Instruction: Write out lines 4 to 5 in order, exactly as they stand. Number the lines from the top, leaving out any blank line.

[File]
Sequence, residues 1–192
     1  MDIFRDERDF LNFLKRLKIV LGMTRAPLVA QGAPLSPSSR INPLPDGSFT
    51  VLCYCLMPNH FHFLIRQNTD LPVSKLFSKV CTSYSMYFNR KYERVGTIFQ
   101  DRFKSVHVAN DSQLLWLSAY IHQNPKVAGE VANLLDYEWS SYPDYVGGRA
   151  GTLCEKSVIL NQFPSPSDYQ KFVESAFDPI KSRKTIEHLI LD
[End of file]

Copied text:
   101  DRFKSVHVAN DSQLLWLSAY IHQNPKVAGE VANLLDYEWS SYPDYVGGRA
   151  GTLCEKSVIL NQFPSPSDYQ KFVESAFDPI KSRKTIEHLI LD